The co-founder of Panal, an organization that works to empower students around their own challenges, explains the emergence of this foundation from the classroom and the role of foundations like Colunga in its birth and strengthening.
What is Honeycomb about?
Diaper is a foundation that was born in 2014 from the experience of a group of professors from Show Chile who realize the need and importance of having different agents of change within the classroom. We want to influence students so that they can go further each day. We are currently in 40 schools in five cities: Puerto Montt, Talca, Concepción, Temuco and Santiago.
They are generating leadership within the classroom and that generates a climate of horizontality ...
Good point, because the projects they develop at school level have to talk to a management team. And everything is with permission. It is not to arrive and say "we are going to do a play in the middle of the recess, because we believe that it will generate an ecological environmental conscience" but they talk about what day they will do it, what are the resources, what rooms will participate ... then they are on par. And there the adults, the directors, have been surprised that in previous years the doors were touching for complaints and now they are knocking on the door to offer them projects and initiatives.
How has Panal linked with the Colunga Foundation?
Since 2016, when we awarded the Colunga Strengthening Fund, we seek to strengthen the organization and process evaluation in order to continue scaling as a project.
What is the role of civil society in the problems we have today in education issues?
Civil society, since 2006, has been a protagonist in education issues. They are those who have been pushing the agenda to move much more agile and dynamic. The penguins of 2006, and the march of the university students has allowed no one to question that education is a social right, and for all. They are the ones who have helped put the issues on the table.
It has also been transformed. I think that at one time it was a lot of pushing, but it has also mutated to different organizations and initiatives and has allowed a different dialogue with the Ministry of Education and the Government. Civil society is the counterweight between the country we want versus the country we are designing.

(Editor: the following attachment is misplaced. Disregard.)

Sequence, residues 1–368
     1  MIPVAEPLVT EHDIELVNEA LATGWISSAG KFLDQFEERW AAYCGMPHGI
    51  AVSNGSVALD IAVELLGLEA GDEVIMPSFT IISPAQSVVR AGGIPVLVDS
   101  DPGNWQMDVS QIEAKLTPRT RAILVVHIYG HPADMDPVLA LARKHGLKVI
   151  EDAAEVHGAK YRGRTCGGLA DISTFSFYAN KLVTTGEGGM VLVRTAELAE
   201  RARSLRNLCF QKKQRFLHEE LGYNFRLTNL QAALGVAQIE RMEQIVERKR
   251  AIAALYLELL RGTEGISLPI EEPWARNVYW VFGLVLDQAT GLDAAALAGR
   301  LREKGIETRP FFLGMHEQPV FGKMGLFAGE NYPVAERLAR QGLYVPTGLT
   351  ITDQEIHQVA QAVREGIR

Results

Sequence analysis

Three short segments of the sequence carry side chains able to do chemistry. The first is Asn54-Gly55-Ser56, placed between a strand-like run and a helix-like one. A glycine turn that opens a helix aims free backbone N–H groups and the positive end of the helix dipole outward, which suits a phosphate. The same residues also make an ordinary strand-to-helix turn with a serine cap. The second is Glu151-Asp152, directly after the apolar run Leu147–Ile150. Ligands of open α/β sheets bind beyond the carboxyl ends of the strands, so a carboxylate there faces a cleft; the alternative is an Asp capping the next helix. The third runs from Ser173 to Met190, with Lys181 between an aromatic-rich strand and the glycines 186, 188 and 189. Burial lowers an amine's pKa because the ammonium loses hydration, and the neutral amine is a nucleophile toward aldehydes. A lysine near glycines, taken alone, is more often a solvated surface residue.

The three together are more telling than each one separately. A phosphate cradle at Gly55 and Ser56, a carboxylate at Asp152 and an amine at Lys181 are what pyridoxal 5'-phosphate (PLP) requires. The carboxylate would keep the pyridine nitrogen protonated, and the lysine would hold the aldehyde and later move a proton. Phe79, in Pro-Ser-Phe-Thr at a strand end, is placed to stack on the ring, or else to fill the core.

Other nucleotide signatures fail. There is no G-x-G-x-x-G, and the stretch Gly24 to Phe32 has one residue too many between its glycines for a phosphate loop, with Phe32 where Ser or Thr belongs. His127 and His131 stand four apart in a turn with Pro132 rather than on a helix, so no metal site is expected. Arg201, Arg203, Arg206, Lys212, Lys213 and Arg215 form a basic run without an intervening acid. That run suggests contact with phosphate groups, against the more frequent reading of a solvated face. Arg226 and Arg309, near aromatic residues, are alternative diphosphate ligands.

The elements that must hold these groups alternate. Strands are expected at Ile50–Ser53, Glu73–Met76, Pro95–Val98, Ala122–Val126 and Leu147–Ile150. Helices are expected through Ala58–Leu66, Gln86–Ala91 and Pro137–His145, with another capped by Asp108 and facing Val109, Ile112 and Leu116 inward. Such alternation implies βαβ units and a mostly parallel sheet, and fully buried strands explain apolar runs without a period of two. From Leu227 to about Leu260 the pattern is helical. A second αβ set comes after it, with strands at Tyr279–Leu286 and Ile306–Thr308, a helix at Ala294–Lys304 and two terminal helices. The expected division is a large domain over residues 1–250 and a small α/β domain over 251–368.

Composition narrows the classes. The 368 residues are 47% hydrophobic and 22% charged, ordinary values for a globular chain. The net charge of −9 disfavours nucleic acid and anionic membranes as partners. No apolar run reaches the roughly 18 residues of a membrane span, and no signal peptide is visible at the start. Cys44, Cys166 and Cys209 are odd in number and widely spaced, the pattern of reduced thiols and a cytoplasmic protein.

Is there a civil society network around education?
There are networks. They are not as strong as we would like, but for example, we got together with the other Enseña Chile ventures. Here also in Colunga with those of education we have had interactions, and it agrees that those who work with Colunga also work with Mustakis, then there have also been mixed interactions.
It can be more, it can always be more. I believe that today is no longer a competitive advantage, it is not something very extraordinary to sit next to other organizations. It is the minimum. It is also a topic of how today we know that collaborating is the only way we can go far.
How do you see the role of Colunga in civil society and where should it go in the next five years?
I really like what Colunga does because they support projects that have certain types of results. I am very interested in Colunga making a commitment to innovations and being ahead of what is happening, or solving current problems that no one is doing.
The focus of what they are doing is very interesting. In 5 more years I see a very large portfolio of projects that have gone through Colunga. There the challenge that comes now and hopefully start as soon as possible, is to work on the connectivity of these organizations.
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